One of the goals during the recovery process is learning to separate thoughts, behaviors, and emotions so that you can control what you think and how you behave. It is important to recognize and understand your emotions so that your actions are not always dictated by your feelings. Many people find that writing about their feelings is a good way to recognize and understand their emotions. You don’t need to be a good writer to use this tool. People who do not like to write and who have never written much in the past still can learn valuable things about themselves by putting their feelings into words. Follow the simple instructions, and try a new way of getting to know yourself: 1. Find a private, comfortable, quiet place and a time just for writing. Try to write each day, even if you can write only for a few minutes. 2. 3. Begin by taking several deep breaths and relaxing. Write in a response to a question that you have asked yourself about your feelings (for example, “What am I feeling right now?” “Why am I angry?” “Why am I sad?”). 4. Forget spelling and punctuation; just let the words flow.

Writing about your feelings makes them clearer to you. It also can help you avoid the emotional buildup that often leads to relapse.


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RP 19


Getting sick often predicts a relapse. This might seem strange, even unfair. After all, you can’t really do anything about getting sick, right? Many people get a few colds a year. Although you may not be able to prevent yourself from getting sick, you can be aware of the added relapse risk that comes with illness, and you can take precautions to avoid getting sick.

Sickness as Relapse Justification
Illness can be a powerful relapse justification. When you are sick, you make a lot of exceptions to your regular routine. You stay home from work; you sleep more than usual; you eat different foods. You may feel justified in pampering yourself (for example, “I’m sick, so it’s OK if I watch TV and lie around most of the day”; “I don’t feel good— I deserve a few extra cookies”). Because people feel that getting sick is out of their control, it seems OK to take a break from their regular behaviors. You need to be careful that, while you are taking a break from other routines, you don’t allow sickness to be an excuse for using.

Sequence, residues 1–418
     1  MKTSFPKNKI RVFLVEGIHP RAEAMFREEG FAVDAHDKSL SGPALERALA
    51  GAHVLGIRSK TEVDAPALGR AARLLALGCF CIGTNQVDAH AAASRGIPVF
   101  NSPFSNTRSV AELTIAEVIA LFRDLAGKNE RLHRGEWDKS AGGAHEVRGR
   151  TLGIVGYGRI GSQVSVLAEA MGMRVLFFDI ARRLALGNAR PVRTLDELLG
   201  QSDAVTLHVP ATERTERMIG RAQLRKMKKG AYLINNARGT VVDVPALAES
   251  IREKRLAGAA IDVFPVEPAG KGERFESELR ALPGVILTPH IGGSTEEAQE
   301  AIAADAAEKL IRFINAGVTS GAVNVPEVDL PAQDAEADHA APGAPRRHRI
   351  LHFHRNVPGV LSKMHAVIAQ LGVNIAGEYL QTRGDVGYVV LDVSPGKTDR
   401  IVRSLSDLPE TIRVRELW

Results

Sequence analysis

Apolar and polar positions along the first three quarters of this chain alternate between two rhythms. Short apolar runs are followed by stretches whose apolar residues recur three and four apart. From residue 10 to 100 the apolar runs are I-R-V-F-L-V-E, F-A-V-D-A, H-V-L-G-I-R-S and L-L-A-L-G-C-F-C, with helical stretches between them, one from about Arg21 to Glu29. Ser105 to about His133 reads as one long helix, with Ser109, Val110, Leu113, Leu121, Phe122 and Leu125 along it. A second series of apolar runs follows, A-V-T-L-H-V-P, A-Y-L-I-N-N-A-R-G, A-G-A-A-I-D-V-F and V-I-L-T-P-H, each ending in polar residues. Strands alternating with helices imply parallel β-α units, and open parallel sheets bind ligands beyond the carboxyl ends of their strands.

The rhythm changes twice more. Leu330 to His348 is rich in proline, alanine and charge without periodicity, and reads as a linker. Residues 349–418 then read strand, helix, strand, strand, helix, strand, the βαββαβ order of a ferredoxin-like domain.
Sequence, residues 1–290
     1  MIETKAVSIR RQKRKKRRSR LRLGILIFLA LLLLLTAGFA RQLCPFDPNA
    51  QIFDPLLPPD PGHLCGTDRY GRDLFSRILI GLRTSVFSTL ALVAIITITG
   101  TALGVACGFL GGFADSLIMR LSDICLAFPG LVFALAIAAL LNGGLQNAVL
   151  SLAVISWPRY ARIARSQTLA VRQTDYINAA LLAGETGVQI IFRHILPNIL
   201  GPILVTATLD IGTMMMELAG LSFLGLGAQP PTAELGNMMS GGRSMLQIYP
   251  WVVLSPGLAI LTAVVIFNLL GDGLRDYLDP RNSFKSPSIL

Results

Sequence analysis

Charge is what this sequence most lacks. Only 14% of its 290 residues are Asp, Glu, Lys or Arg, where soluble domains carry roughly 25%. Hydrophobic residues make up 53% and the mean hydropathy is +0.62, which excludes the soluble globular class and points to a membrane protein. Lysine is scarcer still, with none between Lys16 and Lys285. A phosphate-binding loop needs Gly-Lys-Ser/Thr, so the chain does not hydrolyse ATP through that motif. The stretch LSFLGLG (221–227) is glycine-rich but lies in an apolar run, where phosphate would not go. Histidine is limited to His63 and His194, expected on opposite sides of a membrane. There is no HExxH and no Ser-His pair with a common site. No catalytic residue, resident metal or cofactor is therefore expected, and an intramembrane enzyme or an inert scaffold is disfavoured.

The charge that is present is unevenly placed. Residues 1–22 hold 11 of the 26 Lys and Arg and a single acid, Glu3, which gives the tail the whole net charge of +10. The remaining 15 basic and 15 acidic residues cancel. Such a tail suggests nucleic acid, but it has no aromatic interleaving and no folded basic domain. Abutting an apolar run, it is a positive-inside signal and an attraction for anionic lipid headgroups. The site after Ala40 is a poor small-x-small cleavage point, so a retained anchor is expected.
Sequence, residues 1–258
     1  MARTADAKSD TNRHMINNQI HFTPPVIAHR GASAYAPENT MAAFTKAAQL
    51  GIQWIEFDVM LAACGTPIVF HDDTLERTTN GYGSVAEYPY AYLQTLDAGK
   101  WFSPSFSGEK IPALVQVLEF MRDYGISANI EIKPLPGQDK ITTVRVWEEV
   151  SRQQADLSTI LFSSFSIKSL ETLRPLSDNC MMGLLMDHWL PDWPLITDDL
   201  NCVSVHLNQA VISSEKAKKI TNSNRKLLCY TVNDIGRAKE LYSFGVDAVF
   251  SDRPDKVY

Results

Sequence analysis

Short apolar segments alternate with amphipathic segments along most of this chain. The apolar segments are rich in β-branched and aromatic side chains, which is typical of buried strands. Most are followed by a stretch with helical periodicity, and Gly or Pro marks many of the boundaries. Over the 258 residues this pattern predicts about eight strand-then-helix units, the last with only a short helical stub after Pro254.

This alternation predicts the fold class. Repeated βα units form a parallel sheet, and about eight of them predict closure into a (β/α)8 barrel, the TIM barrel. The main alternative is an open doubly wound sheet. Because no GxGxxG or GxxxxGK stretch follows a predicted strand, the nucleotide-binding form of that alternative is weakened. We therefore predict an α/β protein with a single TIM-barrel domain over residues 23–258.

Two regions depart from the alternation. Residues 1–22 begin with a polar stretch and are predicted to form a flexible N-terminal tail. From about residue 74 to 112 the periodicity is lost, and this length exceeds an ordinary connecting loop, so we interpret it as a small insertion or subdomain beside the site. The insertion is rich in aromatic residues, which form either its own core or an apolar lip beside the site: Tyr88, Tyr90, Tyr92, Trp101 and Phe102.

Relapse Risks During Illness
When you are sick, you are physically weaker. You also may have less mental energy to maintain your recovery. In addition to lacking the energy to fight your substance use disorder, you may face the following relapse risks when you are sick: Missing treatment sessions Missing mutual-help meetings Not exercising The following relapse risks also can act as triggers when you’re sick: Spending a lot of time alone

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RP 19


Recovering in bed (which reminds some people of recovering from using) Having a lot of unstructured time

Healthful Behaviors
Although you can’t always prevent yourself from getting sick, you can do things to minimize your chances of getting sick. The following behaviors help support your recovery in general and help keep you healthy: Exercise regularly (even when you feel as if you’re getting sick, light exercise can be good for you). Eat healthful meals. Get adequate sleep. Minimize stress. Early in recovery from substance use, you also should avoid activities that put your health at risk or require recovery time. Elective surgery, serious dental work, and extended exertion may leave you fatigued and make you susceptible to illness.

Recognize When You’re at Risk
Because you may be more likely to relapse when you’re sick, you should be alert for the signs of illness. Soreness, tiredness, headaches, congestion, or a scratchy throat can signal the onset of illness. Even something like premenstrual syndrome (PMS) can weaken you physically and make relapse more likely. If you do get sick, try to keep the negative effects of illness from interfering with your recovery by getting well as quickly as possible. Get proper rest and medical attention so that you can return to your regular recovery routine as soon as possible. You will feel stronger, and your recovery will be stronger.